But in fact, the equilibrium and balance of power are quite fragile. For more than 20 years, Moscow has balanced on a razor’s edge, as a real settlement of the conflict would deprive it of a convenient lever of pressure on Azerbaijan along with the justification for its military presence in Armenia. A full-scale war between the two, on the other hand, would put Moscow in conflict with both Baku and its traditional ally Ankara, and drag Russia into the conflict on the Armenian side, according to an alliance treaty signed with Yerevan in 1997.
Armenia is also part of the Collective Security Treaty Organization (CSTO) – a regional international organization whose goal is to maintain peace and stability in the CIS, which includes, in addition to Russia and Armenia, Belarus, Kazakhstan, Kyrgyzstan and Tajikistan. This membership conveys certain obligations on Moscow vis-à-vis Yerevan.
Analyzing the mediation efforts of Moscow in April, Chausovsky of Stratfor noted that, at the moment, Moscow sees no benefit in another hotbed of tension on its borders, and is trying not to emphasize its close relationship with Armenia in an attempt to reconcile the two countries. Russia also must consider its relationship with Turkey, which is currently on the mend after several months of tensions.
Russia is counting on the leadership of Armenian President Sargsyan. He has his own reasons for trying to prevent an escalation of tensions with Azerbaijan, as this would make him a target for criticism by Armenian opposition and radicals. With this in mind, on May 16, Sargasyan refused to endorse a bill proposed by the Armenian parliament calling for the recognition of Nagorno-Karabakh as an independent republic. This move sparked outrage among those who consider any concessions to Baku as a defeat and betrayal.
Sargasyan is walking a difficult path. Although he must take into consideration the demands of the opposition, his landlocked country is suffering from serious economic difficulties due to two decades of economic blockade imposed by Ankara and Baku. The economic situation has caused tension within society, which could get worse should a war start.
Given these circumstances, it is no coincidence that Sefilian has been under arrest for the third time since June 20. Since April, Sefilian has regularly made public accusations against the government and the military command, accusing them of having “surrendered” to Baku the commanding heights near the village of Talish. The Armenian Ministry of Defense rejected these charges, and accused Sefilian of fomenting tensions.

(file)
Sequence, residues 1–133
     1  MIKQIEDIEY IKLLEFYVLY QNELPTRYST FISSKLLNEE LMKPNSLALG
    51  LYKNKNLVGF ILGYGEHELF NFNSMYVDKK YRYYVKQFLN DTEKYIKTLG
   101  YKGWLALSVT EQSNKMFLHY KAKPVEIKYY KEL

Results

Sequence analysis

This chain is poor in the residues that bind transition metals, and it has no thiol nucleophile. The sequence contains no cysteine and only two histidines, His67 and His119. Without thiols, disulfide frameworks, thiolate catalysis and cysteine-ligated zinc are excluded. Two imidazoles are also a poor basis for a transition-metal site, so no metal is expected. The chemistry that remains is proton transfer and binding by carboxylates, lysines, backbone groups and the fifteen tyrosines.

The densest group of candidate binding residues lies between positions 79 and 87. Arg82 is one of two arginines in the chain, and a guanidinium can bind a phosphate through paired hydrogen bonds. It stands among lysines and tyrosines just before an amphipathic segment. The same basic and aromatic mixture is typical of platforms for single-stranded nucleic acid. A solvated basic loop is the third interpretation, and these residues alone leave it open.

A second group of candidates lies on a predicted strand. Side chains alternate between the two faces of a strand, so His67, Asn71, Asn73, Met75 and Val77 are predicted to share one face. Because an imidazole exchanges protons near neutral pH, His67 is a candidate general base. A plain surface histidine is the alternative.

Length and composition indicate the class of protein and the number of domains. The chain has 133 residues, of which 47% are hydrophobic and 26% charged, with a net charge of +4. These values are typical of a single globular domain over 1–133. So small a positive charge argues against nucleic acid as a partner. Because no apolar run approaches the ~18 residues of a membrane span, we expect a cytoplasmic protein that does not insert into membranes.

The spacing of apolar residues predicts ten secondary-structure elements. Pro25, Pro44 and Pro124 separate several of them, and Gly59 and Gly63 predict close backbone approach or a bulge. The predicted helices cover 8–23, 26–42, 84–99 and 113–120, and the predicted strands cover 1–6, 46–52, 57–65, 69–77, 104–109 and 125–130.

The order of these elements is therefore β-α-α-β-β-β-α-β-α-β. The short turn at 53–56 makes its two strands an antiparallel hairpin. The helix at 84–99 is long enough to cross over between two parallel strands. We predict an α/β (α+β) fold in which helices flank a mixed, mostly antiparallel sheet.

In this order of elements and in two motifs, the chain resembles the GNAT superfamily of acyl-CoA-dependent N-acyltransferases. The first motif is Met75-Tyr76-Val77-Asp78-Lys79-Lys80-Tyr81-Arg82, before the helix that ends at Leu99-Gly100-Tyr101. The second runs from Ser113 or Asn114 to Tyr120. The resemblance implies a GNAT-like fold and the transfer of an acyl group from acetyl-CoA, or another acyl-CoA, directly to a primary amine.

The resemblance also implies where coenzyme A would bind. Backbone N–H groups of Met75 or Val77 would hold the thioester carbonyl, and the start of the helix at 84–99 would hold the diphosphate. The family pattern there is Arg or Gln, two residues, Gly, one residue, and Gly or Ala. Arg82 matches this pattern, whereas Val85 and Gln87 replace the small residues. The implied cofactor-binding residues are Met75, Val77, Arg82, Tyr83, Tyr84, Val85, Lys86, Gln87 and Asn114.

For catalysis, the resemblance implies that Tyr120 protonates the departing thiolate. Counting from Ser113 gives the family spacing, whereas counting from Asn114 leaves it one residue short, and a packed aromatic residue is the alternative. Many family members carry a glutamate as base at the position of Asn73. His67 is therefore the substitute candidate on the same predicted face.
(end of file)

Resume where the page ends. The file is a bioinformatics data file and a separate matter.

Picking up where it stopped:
According to Mikael Zolyan, an expert at the analytical Regional Studies Center in Yerevan, it is evident that “in Yerevan and Stepanakert [the capital of Nagorno-Karabakh], they believe that the longer that the status quo holds, the more likely that the international community, and ultimately even Azerbaijan, will recognize the existence of the Nagorno Karabakh Republic.”
Zolyan thinks that Azerbaijan is continuing its tactics of dragging out the status quo as long as possible in order to prepare for an offensive war. Baku, ever more confident in its military strength, may soon consider an escalation – even a limited one — beneficial. Azeri President Ilham Aliyev, who effectively inherited the position from his father Heydar, urgently needs a way to legitimize his rule, and the usual anti-Armenian rhetoric is not enough.
Azerbaijan is currently suffering from the collapse in oil prices and the devaluation of its currency. From Aliyev’s perspective, a new conflict can kill two birds with one stone – by making things difficult for Sargsyan and confirming his own authority.
However, it is too early to say that the overthrow of Sargsyan would benefit Baku. If the opposition should come to power, the prospects of at least a continuation of the talks between Armenia and Azerbaijan will become extremely illusory, and at the very least, it would be a setback in the negotiations process. Baku, for its part, needs a victorious blitzkrieg, or another loud provocation, like the April battle in Talish. A protracted war with an uncertain outcome could bury the Aliyev regime.
How these tensions apply to Nagorno-Karabakh is yet to be seen. The Karabakh knot is an equation with many unknowns and too many losing variants for all interested parties to the conflict – both those interested in the status quo, Russia and Armenia, as well as those who wish to change it, Azerbaijan and Turkey. Despite the apparent deadlock and the outbreak of violence in April, Alexander Krylov, president of the Caucasus Scientific Community, says, “the sides keep playing the role of negotiators to avoid being accused of walking out from the process.”
Paradoxically, this escalation has led to the activation of the peace process, and the resurgent role of Moscow in it, according to analysts at Stratfor. However, events in Yerevan continue to unfold, and it is too early to talk about their real consequences on the future settlement of the Karabakh conflict.